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Catawba Indian Pottery

The Survival of a Folk Tradition

Written by Thomas John Blumer and with foreword by William L. Harris

Publication Year: 2004

A comprehensive study that traces the craft of pottery making among the Catawba Indians of North Carolina from the late 18th century to the present. When Europeans encountered them, the Catawba Indians were living along the river and throughout the valley that carries their name near the present North Carolina-South Carolina border. Archaeologists later collected and identified categories of pottery types belonging to the historic Catawba and extrapolated an association with their protohistoric and prehistoric predecessors. In this volume, Thomas Blumer traces the construction techniques of those documented ceramics to the lineage of their probable present-day master potters or, in other words, he traces the Catawba pottery traditions. By mining data from archives and the oral traditions of contemporary potters, Blumer reconstructs sales circuits regularly traveled by Catawba peddlers and thereby illuminates unresolved questions regarding trade routes in the protohistoric period. In addition, the author details particular techniques of the representative potters factors such as clay selection, tool use, decoration, and firing techniques which influence their styles. In assessing the work, David G. Moore, of Warren Wilson College, states, "This book represents an enormous body of work concerned with a significant topic the persistence of the Catawba Indian pottery tradition. Using his extensive fieldwork and a narrative presentation, the author juxtaposes the evolving ceramic technology with a fascinating discussion of the role of pottery in changing Catawba economy from the 18th and continuing into the 21st century." Thomas John Blumer is a retired ethnohistorian and author of Bibliography of the Catawba. William Harris is a respected leader of the Catawba Indian Nation.

Published by: The University of Alabama Press


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pp. vii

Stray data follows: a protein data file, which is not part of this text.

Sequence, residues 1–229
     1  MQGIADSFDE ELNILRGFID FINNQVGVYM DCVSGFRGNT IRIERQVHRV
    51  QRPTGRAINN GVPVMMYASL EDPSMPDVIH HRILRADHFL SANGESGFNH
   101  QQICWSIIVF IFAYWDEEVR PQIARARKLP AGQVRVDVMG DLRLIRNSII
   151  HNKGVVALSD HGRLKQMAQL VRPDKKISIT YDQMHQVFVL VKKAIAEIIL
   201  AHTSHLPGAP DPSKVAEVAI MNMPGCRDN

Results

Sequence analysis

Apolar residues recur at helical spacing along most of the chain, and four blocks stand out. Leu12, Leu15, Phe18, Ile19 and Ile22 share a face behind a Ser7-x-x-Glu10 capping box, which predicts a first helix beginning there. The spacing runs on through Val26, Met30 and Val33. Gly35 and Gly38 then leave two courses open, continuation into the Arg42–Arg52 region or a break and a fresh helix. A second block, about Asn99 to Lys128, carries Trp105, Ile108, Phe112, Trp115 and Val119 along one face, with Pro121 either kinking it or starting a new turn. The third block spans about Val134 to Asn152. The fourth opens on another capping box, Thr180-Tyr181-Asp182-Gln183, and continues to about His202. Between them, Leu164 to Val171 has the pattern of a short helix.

List of Figures

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pp. ix-xi

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pp. xiii-xv

My grandmother was Georgia Harris, one of the greatest Catawba Indian potters. Before she died in 1996 at the age of 91, she asked her closest friend, Dr. Thomas Blumer, to deliver her eulogy. To those who didn’t know Dr. Blumer, it may have seemed strange that a white scholar from the Library of Congress in Washington, D.C., eulogized...

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pp. xvii-xxi

This volume has been too long in the making. Aside from my own distractions coming from those wanting Catawba information from me, the task of examining issues connected to Catawba history and culture is enormous. The documentation is vast and scattered. The tradition is of great antiquity and certainly deserved the attention.

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1. Discovering the Catawba

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pp. 1-12

The Catawba Indian Nation of South Carolina occupies a 640-acre reservation eight miles east of Rock Hill, South Carolina. About 2,200 Indians are listed on the tribal roll (U.S. Department of the Interior 2000). Perhaps another 1,000 Catawba descendants are located outside of South Carolina in Oklahoma, Colorado, and other places.

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2. A Family Economy Based on Pottery

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pp. 13-28

With the coming of the white man the Catawba faced immediate economic disaster based

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3. Peddling Pottery

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pp. 29-45

The Catawba potters draw from a peddling tradition with deep roots and excel at using their forefathers’ bartering techniques when trading (Merrell 1989:31). The Catawba have probably always dealt in pottery. As mentioned, John Lawson noted their eighteenth-century trade in pipes. The Catawba claimed a trade network that covered the...